Italian president defends free press after government ministers insult journalists

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Italian president defends free press after government ministers insult journalists
Italian President Sergio Mattarella. Photo: Tiziana Fabi/AFP

Italian President Sergio Mattarella spoke out after Five Star politicians called journalists 'prostitutes' and 'jackals'.


The president highlighted the importance of listening to “opinions you don’t share” when speaking to students today at the Qurinale presidential palace.

"I read the papers in the morning; news and opinions, both those that I agree with and those I do not, and for me perhaps the latter are more important,” he said.

"Because it is important to know the opinion of others, their views. Those I share are interesting, naturally and are close to my heart; but those I don't share are for me an instrument on which to reflect.”

"And for this reason, freedom of the press has a great value because, also reading things that you don't agree with, even if you deem them wrong, it enables and helps you to reflect".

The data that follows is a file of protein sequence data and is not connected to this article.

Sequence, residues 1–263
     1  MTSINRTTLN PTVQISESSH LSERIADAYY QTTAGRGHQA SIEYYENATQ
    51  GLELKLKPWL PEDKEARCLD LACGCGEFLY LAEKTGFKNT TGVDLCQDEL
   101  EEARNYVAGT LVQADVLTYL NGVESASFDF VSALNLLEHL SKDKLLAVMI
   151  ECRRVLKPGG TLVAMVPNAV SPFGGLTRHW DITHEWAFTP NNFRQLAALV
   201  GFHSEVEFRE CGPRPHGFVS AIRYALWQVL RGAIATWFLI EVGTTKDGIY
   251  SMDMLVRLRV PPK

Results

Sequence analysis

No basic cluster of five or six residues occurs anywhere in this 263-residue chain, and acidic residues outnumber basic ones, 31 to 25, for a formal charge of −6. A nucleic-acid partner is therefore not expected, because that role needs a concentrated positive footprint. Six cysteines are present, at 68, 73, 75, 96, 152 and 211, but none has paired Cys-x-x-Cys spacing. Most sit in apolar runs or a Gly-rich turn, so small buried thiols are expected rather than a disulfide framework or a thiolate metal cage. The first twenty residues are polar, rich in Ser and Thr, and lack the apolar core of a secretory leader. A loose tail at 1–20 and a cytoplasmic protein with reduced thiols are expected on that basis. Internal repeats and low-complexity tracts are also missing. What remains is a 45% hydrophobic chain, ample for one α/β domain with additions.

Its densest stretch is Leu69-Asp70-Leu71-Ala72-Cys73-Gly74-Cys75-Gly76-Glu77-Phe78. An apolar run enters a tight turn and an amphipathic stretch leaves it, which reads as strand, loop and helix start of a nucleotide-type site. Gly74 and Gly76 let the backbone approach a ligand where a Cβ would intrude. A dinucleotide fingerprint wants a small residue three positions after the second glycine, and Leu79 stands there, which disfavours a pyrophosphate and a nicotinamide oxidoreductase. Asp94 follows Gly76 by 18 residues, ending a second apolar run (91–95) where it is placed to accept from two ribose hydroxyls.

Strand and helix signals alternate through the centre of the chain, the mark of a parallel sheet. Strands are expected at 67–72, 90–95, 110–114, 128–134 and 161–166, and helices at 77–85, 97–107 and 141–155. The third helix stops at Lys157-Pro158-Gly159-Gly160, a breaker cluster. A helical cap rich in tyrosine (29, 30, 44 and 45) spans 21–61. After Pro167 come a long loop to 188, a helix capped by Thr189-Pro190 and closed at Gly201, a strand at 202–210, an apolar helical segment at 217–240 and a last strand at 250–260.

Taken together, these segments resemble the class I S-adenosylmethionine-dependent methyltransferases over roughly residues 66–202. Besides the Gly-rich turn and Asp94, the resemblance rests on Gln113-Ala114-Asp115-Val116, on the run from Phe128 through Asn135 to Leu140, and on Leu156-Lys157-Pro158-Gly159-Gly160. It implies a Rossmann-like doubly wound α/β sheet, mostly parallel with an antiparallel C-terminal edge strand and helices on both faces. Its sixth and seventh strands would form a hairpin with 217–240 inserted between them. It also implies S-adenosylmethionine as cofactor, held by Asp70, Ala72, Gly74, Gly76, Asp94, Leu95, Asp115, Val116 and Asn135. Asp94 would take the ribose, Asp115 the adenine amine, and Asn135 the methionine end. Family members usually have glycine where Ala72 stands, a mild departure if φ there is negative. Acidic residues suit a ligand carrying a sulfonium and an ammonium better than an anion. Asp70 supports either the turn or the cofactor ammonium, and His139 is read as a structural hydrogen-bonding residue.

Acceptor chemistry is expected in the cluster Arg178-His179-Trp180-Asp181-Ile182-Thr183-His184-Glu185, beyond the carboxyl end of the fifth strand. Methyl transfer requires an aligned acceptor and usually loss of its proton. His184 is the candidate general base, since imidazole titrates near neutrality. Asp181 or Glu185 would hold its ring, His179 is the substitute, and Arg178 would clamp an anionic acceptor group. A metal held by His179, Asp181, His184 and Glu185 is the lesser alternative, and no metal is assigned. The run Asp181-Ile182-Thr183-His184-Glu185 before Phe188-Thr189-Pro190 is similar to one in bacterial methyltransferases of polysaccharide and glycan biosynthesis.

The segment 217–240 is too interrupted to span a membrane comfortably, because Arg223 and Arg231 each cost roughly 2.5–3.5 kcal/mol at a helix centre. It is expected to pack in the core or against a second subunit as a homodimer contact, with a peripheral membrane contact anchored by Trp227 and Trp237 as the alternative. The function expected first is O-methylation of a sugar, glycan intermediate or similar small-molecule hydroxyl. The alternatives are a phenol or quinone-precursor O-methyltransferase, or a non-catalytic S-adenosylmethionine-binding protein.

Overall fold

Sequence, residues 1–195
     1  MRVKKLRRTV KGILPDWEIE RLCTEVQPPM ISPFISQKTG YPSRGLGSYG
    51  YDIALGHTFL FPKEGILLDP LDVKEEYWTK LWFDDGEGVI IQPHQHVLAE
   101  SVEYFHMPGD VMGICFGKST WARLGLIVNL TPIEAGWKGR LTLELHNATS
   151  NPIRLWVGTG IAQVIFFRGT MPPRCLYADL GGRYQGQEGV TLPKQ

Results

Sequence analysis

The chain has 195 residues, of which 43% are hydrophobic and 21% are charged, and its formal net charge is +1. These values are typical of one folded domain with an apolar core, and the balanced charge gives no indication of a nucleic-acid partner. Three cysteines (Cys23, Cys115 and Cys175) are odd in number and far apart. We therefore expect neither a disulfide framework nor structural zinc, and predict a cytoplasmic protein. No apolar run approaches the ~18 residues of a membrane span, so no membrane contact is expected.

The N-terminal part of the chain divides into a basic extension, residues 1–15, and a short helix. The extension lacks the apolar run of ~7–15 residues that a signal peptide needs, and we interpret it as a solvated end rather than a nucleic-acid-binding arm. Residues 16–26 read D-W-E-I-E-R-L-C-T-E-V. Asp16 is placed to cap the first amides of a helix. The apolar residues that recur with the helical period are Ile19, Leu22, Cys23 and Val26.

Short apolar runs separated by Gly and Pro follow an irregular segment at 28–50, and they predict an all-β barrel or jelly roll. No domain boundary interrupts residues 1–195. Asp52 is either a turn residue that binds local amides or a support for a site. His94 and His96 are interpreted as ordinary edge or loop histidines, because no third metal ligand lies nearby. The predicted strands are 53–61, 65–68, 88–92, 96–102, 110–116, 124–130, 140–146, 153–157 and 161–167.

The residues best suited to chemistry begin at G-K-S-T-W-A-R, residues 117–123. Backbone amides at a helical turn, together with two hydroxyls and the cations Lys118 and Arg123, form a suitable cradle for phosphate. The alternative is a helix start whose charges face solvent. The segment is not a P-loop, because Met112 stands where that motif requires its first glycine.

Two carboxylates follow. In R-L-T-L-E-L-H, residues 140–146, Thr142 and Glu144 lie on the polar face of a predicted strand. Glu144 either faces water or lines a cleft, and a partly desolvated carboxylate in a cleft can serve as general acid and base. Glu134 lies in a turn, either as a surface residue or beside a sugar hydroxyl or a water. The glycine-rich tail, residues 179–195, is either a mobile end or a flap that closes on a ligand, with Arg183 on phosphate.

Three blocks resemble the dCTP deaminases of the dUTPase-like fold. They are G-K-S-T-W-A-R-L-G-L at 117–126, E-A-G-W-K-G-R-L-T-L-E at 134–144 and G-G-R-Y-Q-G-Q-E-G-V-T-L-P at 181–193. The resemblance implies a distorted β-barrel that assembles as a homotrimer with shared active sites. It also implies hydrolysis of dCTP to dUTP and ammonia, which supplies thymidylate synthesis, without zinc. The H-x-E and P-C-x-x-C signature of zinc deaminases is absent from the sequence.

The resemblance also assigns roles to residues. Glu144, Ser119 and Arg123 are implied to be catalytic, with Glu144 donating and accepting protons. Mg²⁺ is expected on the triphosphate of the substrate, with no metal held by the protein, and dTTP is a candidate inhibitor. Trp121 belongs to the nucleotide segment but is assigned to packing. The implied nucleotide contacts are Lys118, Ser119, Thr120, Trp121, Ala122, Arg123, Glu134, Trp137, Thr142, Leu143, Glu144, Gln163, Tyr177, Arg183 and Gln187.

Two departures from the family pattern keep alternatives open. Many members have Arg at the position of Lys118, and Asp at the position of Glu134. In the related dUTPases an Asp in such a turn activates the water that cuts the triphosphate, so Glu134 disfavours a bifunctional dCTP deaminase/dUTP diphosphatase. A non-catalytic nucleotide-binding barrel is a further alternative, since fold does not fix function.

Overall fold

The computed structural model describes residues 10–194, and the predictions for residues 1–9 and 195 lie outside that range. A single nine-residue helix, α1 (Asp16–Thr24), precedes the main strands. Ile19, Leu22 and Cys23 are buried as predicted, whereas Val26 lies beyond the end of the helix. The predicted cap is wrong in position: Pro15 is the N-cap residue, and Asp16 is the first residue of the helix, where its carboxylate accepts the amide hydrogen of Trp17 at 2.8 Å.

His comments came after Deputy Prime Minister and M5S leader Luigi di Maio and Alessandro Di Battista, a M5S deputy, hurled insults at the Italian press this weekend over coverage of M5S Rome Mayor Virginia Raggi’s corruption trial, calling journalists "prostitutes”, “hacks" and "low-down dirty jackals.”

“The real scourge of this country is the overwhelming majority of the media that are intellectually and morally corrupt, the same ones who are making war on the government,” Di Maio wrote on Facebook.

READ ALSO: The impact of 'fake news' on the Italian election

The movement has pledged to cut funding for media as part of the new budget plan, and has also said it would introduce legislation to crack down on so-called 'impure media owners', apparently referring to publishing groups with alleged conflicts of interest.

European Parliament President Antonio Tajani said today he was "proud to be a journalist” and spoke of “worrying” attacks on freedom of information across Europe.

"Without a free press, democracy does not exist," wrote Tajani on Twitter,  

"The European Parliament rejects all threats to journalists and recalls the sacrifice of Daphne Caruana Galizia and Ján Kuciak,” he said, referring to two murdered journalists.

Italy already has one of the lowest press freedom rankings in Europe, and Reporters Without Borders has warned that violence against journalists in Italy is "alarming and keeps growing". The watchdog points to threats made against reporters by organised crime groups, anarchists and fundamentalists.

The group also reports that Italian media is highly politically influenced, and that in Italy, "journalists increasingly opt to censor themselves because of pressure from politicians."



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